TITLE

Thoracolumbar Burst Fractures Treated with Posterior Decompression and Pedicle Screw Instrumentation Supplemented with Balloon-Assisted Vertebroplasty and Calcium Phosphate Reconstruction

AUTHOR(S)
Marco, Rex A. W.; Meyer, B. Christoph; Kushwaha, Vivek P.
PUB. DATE
March 2010
SOURCE
Journal of Bone & Joint Surgery, American Volume;Mar2010 Supplement 1, Vol. 92-A, p67
SOURCE TYPE
Academic Journal
DOC. TYPE
Article
ABSTRACT
BACKGROUND: The treatment of unstable thoracolumbar burst fractures with short-segment posterior spinal instrumentation without anterior column reconstruction is associated with a high rate of screw breakage and progressive loss of reduction. The purpose of the present study was to evaluate the functional, neurologic, and radiographic results following transpedicular, balloon-assisted fracture reduction with anterior column reconstruction with use of calcium phosphate bone cement combined with short-segment posterior instrumentation and a laminectomy. METHODS: A consecutive series of thirty-eight patients with an unstable thoracolumbar burst fracture with or without neurologic deficit were managed with transpedicular, balloon-assisted fracture reduction, calcium phosphate bone cement reconstruction, and short-segment spinal instrumentation from 2002 to 2005. Twenty-eight of the thirty-eight patients were followed for a minimum of two years. Demographic data, neurologic function, segmental kyphosis, the fracture severity score, canal compromise, the Short Form-36 score, the Oswestry Disability Index score, and treatment-related complications were evaluated prospectively. RESULTS: All thirteen patients with incomplete neurologic deficits had improvement by at least one Frankel grade. The mean kyphotic angulation improved from 17° preoperatively to 7° at the time of the latest follow-up, and the loss of vertebral body height improved from a mean of 42% preoperatively to 14% at the time of the latest follow-up. Screw breakage occurred in two patients, and pseudarthrosis occurred in one patient. CONCLUSIONS: The present study demonstrates that excellent reduction of unstable thoracolumbar burst fractures with and without associated neurologic deficits can be maintained with use of short-segment instrumentation and a transpedicular balloon-assisted reduction combined with anterior column reconstruction with calcium phosphate bone cement performed through a single posterior incision. The resultant circumferential stabilization combined with a decompressive laminectomy led to maintained or improved neurologic function in all patients with neurologic deficits, with a low rate of instrumentation failure and loss of correction. LEVEL OF EVIDENCE: Therapeutic Level IV. See Instructions to Authors for a complete description of levels of evidence.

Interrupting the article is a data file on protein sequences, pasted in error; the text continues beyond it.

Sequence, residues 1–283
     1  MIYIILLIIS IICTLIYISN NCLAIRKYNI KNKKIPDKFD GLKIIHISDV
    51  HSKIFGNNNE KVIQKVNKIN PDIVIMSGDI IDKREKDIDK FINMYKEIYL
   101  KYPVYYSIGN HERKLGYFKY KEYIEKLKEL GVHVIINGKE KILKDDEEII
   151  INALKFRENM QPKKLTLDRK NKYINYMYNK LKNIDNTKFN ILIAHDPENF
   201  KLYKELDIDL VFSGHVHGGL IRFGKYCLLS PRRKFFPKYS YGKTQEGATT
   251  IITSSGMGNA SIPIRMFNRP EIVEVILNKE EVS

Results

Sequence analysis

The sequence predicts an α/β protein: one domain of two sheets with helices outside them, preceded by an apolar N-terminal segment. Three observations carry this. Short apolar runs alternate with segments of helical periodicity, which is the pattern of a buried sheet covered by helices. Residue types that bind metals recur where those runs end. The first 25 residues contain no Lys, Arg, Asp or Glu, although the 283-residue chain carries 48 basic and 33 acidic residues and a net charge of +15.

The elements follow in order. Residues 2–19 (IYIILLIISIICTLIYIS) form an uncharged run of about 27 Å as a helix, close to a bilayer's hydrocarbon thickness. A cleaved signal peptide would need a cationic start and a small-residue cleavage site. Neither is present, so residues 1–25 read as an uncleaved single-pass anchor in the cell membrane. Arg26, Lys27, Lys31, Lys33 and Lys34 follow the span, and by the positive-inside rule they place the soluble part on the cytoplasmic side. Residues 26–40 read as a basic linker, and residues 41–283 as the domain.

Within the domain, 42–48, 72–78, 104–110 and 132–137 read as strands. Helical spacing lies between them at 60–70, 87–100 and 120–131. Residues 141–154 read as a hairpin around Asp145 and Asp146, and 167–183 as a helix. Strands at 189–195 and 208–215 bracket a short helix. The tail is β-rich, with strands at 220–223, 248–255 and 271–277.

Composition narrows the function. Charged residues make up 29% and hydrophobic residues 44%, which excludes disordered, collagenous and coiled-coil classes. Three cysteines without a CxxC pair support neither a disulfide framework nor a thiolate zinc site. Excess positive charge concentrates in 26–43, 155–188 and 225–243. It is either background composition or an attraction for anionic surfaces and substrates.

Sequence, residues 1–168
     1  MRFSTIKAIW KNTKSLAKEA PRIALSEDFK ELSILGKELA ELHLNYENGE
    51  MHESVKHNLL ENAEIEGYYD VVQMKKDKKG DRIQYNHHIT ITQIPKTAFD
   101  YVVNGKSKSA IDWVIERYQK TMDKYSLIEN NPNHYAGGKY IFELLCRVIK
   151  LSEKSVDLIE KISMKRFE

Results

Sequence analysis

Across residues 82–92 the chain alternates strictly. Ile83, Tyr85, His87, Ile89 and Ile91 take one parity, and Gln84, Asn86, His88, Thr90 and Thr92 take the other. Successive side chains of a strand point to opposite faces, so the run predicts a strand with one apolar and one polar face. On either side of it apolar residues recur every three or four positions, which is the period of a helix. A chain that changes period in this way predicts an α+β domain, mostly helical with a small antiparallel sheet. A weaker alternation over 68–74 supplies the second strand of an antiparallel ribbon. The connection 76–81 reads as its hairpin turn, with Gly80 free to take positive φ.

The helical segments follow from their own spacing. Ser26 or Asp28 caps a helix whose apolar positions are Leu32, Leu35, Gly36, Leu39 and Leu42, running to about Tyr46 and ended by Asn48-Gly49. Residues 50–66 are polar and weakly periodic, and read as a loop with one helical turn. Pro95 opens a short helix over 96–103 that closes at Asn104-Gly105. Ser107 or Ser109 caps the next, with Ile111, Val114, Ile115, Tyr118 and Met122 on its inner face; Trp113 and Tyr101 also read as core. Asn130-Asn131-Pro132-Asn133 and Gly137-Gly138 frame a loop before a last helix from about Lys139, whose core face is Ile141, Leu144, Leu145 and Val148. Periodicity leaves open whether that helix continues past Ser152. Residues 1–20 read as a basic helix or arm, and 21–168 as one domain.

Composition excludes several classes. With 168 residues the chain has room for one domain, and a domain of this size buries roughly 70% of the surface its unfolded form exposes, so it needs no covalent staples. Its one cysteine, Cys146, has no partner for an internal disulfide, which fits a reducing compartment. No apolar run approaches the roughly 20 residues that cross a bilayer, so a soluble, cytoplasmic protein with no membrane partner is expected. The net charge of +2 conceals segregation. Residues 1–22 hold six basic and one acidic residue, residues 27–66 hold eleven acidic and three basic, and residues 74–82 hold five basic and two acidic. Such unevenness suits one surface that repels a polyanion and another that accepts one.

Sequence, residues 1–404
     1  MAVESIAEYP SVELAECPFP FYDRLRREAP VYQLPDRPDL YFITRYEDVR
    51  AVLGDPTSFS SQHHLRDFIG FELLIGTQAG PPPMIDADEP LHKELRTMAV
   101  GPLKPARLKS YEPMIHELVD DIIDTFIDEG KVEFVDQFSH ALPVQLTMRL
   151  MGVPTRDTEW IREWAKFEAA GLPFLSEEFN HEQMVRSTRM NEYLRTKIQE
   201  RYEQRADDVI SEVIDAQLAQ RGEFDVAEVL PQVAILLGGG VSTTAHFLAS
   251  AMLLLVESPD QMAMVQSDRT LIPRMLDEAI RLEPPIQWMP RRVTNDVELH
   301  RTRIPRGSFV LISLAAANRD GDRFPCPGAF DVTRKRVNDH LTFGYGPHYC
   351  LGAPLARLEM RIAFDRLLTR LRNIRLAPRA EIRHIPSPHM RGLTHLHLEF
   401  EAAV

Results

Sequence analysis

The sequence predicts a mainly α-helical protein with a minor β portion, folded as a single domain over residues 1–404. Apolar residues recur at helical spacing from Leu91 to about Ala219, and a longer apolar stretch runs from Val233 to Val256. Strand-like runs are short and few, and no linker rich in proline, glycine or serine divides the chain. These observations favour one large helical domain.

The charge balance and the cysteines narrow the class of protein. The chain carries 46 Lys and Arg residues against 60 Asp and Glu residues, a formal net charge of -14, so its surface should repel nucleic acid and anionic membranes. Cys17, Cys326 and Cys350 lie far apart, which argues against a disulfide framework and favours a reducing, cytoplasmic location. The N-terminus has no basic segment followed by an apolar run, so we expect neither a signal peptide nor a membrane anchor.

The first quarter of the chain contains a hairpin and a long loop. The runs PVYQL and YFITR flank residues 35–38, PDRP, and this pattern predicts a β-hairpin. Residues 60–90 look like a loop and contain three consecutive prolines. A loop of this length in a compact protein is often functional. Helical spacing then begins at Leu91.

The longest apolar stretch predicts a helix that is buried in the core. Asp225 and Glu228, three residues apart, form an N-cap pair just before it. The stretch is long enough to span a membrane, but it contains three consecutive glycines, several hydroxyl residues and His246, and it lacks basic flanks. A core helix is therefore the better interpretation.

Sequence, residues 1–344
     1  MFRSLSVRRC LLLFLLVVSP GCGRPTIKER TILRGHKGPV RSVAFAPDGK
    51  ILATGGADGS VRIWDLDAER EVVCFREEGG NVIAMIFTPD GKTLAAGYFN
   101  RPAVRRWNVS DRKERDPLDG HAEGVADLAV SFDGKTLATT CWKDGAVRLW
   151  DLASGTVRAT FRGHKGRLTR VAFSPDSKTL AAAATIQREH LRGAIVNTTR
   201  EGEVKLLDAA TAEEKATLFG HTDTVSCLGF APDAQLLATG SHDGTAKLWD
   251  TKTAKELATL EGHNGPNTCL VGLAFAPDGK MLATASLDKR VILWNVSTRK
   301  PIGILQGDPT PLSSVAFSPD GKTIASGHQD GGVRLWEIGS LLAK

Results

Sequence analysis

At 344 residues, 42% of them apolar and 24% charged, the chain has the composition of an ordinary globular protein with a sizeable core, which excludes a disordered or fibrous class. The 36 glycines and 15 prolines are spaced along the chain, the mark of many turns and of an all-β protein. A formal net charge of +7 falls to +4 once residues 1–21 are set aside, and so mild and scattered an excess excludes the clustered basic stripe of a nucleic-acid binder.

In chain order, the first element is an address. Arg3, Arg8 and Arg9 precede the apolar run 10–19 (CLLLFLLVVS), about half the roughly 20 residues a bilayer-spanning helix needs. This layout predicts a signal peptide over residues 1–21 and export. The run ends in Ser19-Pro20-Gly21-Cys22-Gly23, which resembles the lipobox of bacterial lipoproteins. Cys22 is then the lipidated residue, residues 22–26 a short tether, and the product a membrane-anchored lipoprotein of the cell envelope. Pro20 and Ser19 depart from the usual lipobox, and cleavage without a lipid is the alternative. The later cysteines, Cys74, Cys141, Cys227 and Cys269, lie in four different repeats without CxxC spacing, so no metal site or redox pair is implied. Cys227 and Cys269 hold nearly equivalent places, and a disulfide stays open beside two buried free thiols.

ACCESSION #
48654210

 

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